Friday, March 12, 1999

'The Prisoner' explained


OK, kids. Here's the secret of The Prisoner.

Most of you nerds know the show inside-out. In case you’ve been wasting your time making money instead of watching old TV shows, here’s the basic premise:

Sometime in the late 1960s, a high-level secret agent (not to be confused with Secret Agent) resigns from MI5 in Great Britain. He doesn't say why. When he gets home, unidentified bad guys fill his flat with knockout gas, capture him and bring him to an unidentified “Village.” The place is a creepy holiday camp where Muzak fills the air and the brainwashed residents have numbers instead of names. If you try to escape, a wicked, self-motivating, white spheroid (aka “Rover”) either eats you, amoeba-style, or herds you back.

A headmaster-like authority figure calls the Prisoner into his office. He’s Number Two. (Numero Uno is never seen.) They talk. The show’s two big questions emerge.

Why did the Prisoner resign?
Who's running the Village?

The Prisoner refuses to say why he resigned. Number Two refuses to say which side is running the Village. (The show is set in the Cold War era. It’s either the Commies or the West.) So, the Prisoner tries to escape; the Village tries to make him talk. A game of cat and mouse goes on for 17 episodes. The show continues to tease you with those two big questions:

Why did the Prisoner resign?
Who's running the Village?

You never find out until the last episode — Fall Out. Actually, you don't find out then, either. What you get is a goofy, surreal, allegorical, bad acid trip. McGoohan (the show’s lead actor, producer, frequent screenwriter and all-time Jr. God) fills your brain with trippy imagery then pisses on your head. He leaves the big questions hanging. Big joke. Because the big answer hides in plain sight.

Take The Prisoner on its own terms.

Supposedly, the Village is a prettified internment camp for spies and people who know too much. It’s designed to protect or extract information and test new brainwashing techniques. The world power behind it wishes to remain anonymous.

Realistically, what would a place like that look like?

First, they’d rotate the nationality of the man in the big chair. There’d be a Russian Number Two. They’d be followed by an American Number Two. Then Brazilian, Chinese, Indian, and so on. If you wish to remain anonymous, that’s how it’s done.

Second, a village of spies wouldn’t be a village of sheep. Spies are the least sheeplike people imaginable. They’re cunning, inner-directed, analytical chess-players who get in other people's heads. They wouldn't be bossed around so easily. The Prisoner wouldn’t be the only rebel.

But that’s not what it looks like.

The Prisoner isn’t a realistic scenario. As anyone remotely familiar with the show knows, it’s an allegory. OK. An allegory of what? Individualism vs. conformity. Sure, but that’s far too general. The allegory has a far more specific target.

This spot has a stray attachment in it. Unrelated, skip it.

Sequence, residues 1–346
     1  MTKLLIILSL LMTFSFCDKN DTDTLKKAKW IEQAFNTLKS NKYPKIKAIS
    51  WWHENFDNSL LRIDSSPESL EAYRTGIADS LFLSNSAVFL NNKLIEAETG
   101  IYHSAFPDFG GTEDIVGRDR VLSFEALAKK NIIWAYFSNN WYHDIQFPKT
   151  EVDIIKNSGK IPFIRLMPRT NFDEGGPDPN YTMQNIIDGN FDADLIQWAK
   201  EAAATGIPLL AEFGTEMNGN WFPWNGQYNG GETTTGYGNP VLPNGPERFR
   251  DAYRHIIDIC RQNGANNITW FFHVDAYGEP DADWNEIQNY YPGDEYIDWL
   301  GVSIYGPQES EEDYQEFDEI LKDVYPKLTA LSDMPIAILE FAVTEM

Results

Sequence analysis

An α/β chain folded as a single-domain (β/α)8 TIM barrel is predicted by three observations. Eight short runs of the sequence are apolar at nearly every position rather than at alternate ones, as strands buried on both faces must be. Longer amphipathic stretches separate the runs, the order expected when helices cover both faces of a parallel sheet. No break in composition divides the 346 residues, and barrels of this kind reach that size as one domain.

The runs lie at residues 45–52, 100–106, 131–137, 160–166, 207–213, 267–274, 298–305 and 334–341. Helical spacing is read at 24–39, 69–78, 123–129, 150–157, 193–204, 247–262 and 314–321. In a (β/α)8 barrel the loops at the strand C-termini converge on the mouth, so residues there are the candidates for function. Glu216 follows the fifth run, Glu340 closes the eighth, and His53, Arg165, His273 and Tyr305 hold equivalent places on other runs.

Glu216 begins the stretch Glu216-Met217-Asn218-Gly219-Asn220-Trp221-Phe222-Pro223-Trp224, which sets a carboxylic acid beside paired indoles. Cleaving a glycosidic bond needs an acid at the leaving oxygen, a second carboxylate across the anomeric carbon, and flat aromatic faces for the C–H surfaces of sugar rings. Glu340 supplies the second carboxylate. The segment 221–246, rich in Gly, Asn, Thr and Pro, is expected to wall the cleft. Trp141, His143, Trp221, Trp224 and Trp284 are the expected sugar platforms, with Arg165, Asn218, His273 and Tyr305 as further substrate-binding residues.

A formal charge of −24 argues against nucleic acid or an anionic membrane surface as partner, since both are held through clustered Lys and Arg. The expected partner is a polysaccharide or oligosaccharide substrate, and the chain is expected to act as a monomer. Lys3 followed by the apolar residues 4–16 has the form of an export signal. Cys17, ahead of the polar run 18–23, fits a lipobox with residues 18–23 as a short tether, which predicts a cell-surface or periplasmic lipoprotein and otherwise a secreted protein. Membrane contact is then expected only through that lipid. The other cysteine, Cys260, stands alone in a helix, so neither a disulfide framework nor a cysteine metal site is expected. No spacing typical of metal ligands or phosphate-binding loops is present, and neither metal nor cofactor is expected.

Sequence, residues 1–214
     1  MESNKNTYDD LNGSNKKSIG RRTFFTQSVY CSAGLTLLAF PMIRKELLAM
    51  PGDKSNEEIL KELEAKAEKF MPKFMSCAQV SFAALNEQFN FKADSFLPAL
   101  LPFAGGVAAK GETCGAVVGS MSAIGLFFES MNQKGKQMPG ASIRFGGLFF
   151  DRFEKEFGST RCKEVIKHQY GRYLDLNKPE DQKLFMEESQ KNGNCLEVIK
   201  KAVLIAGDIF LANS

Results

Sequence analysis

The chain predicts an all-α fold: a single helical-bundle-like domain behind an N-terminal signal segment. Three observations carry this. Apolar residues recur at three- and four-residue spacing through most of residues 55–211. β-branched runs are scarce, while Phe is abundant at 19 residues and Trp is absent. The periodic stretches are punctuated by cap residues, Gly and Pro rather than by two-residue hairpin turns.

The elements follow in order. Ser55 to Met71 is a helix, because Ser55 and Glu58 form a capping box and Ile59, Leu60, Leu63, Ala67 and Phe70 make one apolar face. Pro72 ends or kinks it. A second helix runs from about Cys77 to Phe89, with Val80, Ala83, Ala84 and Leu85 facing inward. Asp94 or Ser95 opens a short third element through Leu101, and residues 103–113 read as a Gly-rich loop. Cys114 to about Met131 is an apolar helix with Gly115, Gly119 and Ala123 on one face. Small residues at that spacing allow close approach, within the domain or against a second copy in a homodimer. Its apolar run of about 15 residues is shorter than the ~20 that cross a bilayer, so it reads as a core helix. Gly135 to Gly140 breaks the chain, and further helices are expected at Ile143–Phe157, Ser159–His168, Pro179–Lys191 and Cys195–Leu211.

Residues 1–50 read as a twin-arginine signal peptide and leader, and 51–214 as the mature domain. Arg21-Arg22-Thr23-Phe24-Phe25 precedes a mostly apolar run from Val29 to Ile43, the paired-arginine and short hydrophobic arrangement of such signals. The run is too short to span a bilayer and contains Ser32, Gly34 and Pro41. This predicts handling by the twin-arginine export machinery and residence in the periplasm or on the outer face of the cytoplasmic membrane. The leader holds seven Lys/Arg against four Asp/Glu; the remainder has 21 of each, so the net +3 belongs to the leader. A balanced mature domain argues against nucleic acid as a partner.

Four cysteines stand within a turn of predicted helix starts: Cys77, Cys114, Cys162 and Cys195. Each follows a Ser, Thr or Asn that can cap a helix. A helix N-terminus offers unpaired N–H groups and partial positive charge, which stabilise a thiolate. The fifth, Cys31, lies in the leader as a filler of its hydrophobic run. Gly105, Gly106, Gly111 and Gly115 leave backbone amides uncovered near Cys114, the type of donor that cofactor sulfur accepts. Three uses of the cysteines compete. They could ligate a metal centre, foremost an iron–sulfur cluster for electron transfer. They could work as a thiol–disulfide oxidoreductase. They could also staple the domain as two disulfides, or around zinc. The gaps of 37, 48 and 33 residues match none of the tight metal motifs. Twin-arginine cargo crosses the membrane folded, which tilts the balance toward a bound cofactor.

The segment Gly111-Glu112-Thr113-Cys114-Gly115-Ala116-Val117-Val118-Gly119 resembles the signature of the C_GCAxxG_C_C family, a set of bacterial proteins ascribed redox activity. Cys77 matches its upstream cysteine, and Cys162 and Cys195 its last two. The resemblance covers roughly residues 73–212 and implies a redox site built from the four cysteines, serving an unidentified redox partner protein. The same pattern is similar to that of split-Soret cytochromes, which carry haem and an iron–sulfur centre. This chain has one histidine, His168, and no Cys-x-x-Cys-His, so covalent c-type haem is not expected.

Consider the picture it paints …

The Village pretends to be a democratically elected government. The people in charge are really thugs. Behind its techno cleverness, the Village's default solution to people problems is a punch to the gut, a kick to the head or a lobotomy. The rulers rule by force and tell the people they’re free.

The Villagers believe them. Because they want to.

The Villagers are a herd of mindless conformists. They shout slogans, twirl umbrellas, march in parades, discourage “un-mutualness,” trust their leaders and think they're living in a democracy.

Some prisoners are actually jailers in disguise. The Village is a village of finks. And many CCTV cameras. An Orwellian nightmare with pseudo-Italianate architecture.

The leaders have a superior attitude. They feel entitled to grab you out of your home, plop you into their system and tell you want to do and how to think.

And all of the leaders are British. Every last one of them.

Yes, there’s some half-hearted misdirection involving foreign languages. But every bloody Number Two is obviously from Great Britain. British, British, British. On it goes, for all 17 episodes.

The Number Twos are not simply British. They exude the smug, preppy, upper-class, Cambridge/Oxford, old boy arrogance of Britain's ruling class. (With the working class exception of Leo McKern's Number Two, who'd been forced into the job — and ultimately helps bring the system down.)

The Village = an allegory of Great Britain.

Obviously.

Yep. Patrick McGoohan, with his fiery Irish background, has given us a satire of Great Britain. The Village = the UK. From an Irishman's perspective, it's an ugly caricature of the vast hypocrisy of British democracy that, coincidentally, aired about the time of the "Troubles."

Case closed.

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